Here’s what happens. You’re shopping and you get an amazing smelling candle, probably in a beautiful container. You take it home and burn it non-stop until one sad day it won’t stay lit anymore when there’s plenty of wax inside! The dilemma: this candle was expensive, you don’t want to throw it out. It smells so good! The simple solution: recycle it! You probably have a zillion unused jars at home, and wicks are very cheap online.
I had bought two of these babies on sale at Anthropologie, because they smell fantastic. However, both sadly died after only 2/3 of the wax was gone due to the large amount of space around the wicks. Today, I decided to get my money’s worth. Here’s how it went:
First task: Getting the leftover wax out and removing the wicks
This wasn’t as difficult as I expected. I was able to pry the wax out with a butter knife and two of the four wicks actually stayed glued to the bottom of the tin, meaning the rest of the wax around it just sort of sprang free.
Second task: Melting the wax and securing the new wick.
Melting is easy, just make sure you stir a lot, and keep the temp on low. To secure the wick, I dipped it in the melted wax, and then adhered it to the jar. Another site I had done research from told me this worked… To keep it up straight, I tied twist-ties to the wick and used a hair-tie to keep the twist-ties secure. I’ve seen better ways to do this, but I didn’t have a popsicle stick, tooth pick, or a string. What kind of an art teacher am I?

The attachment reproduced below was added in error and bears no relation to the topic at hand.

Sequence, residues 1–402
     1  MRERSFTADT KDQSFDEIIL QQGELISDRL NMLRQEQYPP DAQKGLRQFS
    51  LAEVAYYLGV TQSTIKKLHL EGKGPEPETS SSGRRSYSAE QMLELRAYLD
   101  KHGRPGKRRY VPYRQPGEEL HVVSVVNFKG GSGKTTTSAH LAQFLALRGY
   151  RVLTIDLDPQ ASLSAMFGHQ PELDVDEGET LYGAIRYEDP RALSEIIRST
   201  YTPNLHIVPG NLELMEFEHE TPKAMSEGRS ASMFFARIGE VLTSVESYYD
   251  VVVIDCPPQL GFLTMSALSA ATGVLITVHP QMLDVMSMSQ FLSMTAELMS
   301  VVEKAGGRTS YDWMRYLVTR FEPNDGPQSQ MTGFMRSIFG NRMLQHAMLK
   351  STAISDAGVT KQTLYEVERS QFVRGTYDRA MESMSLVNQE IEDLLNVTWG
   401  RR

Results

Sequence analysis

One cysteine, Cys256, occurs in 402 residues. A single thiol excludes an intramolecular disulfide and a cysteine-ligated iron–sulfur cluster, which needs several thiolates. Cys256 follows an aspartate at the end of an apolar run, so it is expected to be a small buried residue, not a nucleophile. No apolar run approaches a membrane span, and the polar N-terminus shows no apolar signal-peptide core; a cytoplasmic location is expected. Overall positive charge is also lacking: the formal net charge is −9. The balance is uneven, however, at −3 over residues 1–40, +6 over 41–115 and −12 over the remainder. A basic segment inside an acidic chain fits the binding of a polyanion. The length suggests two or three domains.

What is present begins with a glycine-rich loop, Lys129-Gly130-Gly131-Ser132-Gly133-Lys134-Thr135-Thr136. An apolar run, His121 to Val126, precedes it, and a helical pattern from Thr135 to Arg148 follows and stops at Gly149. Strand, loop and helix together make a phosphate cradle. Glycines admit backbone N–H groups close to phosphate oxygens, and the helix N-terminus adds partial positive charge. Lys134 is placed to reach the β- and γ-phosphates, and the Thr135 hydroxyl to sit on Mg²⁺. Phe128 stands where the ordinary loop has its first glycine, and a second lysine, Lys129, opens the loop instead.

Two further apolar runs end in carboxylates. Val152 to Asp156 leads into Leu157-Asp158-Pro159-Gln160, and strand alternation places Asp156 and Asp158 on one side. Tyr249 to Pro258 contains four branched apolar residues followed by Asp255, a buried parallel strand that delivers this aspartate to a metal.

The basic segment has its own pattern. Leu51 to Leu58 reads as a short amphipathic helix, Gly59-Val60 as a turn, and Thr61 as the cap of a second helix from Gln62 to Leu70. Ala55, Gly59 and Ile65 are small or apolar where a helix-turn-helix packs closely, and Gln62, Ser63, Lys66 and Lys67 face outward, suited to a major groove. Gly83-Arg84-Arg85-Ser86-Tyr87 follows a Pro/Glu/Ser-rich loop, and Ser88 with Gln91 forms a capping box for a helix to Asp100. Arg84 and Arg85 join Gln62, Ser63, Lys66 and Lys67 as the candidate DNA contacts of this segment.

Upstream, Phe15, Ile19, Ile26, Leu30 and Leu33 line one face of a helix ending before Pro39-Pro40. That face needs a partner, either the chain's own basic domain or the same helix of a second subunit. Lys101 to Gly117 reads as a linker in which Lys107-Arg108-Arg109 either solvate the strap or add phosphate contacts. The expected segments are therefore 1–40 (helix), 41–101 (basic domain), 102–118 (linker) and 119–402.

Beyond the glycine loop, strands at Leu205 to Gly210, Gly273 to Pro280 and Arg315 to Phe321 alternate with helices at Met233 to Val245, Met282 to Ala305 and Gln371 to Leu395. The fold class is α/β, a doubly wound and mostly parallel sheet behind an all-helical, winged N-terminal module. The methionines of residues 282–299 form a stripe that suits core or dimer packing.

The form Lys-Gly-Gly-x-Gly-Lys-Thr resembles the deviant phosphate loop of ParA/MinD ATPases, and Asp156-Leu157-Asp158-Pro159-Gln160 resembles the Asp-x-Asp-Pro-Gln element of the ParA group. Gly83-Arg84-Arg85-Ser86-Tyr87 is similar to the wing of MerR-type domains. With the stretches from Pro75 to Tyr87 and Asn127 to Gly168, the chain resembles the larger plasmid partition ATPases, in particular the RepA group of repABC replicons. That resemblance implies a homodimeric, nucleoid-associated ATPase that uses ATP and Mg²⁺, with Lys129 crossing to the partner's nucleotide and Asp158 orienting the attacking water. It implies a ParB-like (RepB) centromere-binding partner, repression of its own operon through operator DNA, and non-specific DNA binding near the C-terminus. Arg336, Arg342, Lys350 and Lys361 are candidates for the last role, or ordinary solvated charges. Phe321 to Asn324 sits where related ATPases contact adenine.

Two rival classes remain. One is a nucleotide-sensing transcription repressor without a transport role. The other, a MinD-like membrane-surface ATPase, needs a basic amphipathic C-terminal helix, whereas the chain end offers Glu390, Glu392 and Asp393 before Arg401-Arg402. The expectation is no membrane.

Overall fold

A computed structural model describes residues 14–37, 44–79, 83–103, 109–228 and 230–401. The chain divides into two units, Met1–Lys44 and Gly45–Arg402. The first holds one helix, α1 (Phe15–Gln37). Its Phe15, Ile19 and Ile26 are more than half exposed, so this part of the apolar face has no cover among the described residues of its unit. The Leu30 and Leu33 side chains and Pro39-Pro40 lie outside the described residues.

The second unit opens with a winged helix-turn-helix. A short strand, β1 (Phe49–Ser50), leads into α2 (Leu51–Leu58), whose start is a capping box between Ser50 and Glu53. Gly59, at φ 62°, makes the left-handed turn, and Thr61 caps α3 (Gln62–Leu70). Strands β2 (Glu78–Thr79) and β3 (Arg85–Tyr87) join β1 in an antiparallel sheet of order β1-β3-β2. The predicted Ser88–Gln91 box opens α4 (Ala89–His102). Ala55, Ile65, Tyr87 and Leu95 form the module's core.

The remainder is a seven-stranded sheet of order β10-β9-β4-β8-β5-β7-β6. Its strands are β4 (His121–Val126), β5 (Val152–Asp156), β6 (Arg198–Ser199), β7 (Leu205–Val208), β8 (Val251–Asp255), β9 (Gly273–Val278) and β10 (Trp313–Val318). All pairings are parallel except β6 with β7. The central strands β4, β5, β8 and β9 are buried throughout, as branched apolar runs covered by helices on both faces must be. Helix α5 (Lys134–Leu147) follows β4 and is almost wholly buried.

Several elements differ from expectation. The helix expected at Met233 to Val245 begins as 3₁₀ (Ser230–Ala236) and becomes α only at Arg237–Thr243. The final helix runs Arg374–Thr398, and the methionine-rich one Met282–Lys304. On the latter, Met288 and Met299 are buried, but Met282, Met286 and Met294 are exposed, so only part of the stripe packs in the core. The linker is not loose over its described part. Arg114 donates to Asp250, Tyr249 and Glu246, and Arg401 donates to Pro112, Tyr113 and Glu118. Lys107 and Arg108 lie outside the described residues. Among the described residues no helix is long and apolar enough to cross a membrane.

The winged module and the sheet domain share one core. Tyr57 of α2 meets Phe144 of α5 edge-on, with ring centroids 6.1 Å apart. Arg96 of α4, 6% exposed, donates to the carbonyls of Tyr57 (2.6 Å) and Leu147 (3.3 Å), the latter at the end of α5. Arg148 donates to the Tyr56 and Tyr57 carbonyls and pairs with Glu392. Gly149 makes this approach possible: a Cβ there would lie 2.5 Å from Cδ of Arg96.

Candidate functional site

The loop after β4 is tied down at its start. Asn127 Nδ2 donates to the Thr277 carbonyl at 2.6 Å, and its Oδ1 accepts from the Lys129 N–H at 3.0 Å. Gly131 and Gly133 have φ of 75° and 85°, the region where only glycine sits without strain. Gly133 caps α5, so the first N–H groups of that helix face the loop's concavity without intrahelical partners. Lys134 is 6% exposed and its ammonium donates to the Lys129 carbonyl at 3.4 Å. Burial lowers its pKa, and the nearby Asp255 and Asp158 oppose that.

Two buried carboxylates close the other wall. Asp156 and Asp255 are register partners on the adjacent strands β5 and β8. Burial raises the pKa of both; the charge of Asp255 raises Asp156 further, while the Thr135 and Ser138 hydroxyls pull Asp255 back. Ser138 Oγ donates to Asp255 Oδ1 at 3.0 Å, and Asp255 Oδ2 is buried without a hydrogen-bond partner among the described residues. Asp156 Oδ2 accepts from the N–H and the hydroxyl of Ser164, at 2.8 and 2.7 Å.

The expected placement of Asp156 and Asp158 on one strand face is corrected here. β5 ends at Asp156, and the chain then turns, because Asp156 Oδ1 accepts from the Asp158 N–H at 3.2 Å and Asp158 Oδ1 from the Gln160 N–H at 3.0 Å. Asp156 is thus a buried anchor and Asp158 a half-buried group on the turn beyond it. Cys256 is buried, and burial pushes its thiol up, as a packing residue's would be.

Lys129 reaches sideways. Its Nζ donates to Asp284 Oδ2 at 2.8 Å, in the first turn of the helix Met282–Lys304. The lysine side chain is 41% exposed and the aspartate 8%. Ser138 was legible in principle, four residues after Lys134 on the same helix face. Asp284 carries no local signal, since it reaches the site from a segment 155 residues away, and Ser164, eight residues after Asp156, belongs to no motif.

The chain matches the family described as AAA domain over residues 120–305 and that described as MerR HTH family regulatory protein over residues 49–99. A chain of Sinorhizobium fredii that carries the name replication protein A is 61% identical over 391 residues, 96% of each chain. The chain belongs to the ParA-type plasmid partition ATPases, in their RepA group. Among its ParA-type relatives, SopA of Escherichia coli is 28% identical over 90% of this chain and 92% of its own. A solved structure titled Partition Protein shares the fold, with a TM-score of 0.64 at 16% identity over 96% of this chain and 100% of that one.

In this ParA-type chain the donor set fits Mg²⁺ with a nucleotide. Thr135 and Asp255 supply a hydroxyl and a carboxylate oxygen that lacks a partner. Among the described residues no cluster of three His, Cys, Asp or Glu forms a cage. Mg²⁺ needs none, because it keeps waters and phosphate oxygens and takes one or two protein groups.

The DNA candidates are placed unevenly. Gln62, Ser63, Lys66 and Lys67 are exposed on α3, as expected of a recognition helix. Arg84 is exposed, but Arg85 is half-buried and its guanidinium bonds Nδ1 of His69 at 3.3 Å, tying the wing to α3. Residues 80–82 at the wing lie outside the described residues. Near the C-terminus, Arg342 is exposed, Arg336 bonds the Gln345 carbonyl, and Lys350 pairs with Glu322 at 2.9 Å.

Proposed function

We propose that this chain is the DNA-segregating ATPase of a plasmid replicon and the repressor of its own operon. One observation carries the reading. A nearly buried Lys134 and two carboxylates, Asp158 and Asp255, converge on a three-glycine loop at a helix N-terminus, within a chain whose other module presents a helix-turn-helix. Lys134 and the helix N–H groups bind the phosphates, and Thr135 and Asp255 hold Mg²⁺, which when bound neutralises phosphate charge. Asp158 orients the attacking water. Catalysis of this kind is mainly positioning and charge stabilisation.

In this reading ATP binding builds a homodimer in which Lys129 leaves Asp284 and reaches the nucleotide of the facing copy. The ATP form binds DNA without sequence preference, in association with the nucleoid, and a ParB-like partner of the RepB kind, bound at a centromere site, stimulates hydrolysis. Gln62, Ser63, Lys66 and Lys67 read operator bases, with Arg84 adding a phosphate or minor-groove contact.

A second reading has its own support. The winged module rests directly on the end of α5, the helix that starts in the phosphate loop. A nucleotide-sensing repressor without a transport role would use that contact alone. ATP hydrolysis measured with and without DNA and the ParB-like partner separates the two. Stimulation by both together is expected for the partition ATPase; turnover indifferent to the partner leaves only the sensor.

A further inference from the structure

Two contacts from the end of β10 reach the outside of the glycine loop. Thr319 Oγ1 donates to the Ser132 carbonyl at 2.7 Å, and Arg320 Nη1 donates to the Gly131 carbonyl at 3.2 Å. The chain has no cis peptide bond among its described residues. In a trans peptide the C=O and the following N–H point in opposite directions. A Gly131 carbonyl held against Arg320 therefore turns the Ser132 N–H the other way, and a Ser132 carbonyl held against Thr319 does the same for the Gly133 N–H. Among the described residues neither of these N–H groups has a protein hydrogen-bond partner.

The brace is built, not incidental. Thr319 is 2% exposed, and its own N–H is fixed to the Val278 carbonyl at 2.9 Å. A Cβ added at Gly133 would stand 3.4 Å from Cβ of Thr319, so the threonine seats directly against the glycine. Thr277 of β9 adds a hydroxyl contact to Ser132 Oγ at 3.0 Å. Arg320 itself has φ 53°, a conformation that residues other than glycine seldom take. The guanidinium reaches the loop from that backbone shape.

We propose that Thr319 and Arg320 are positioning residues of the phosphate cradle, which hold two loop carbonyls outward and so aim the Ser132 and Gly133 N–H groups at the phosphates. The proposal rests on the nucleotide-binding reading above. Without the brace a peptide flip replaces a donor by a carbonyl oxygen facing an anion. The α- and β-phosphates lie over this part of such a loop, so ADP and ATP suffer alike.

Third task: Pouring
Pour at a steady pace. Unfortunately, my wick came unstuck and I ended up spending a few minutes holding it in place until it could rest on the bottom by itself. It’s not perfect, but it will work. Next time I will superglue the wick to the bottom of the container. Too bad that other blog led me astray!
When it’s cooled, you can trim the wick to about a half inch above the top of your wax. I imagine if you had a lot of room left in your jar, you could even do a second scent above the first.
This took about 30 minutes start to finish, and if not for my wick troubles, it would have been even less. Not bad considering I have a full new candle again! Have you ever done this? How’d it work out?
In my kitchen:
Non-stick cookware (makes clean up a WHOLE lot easier)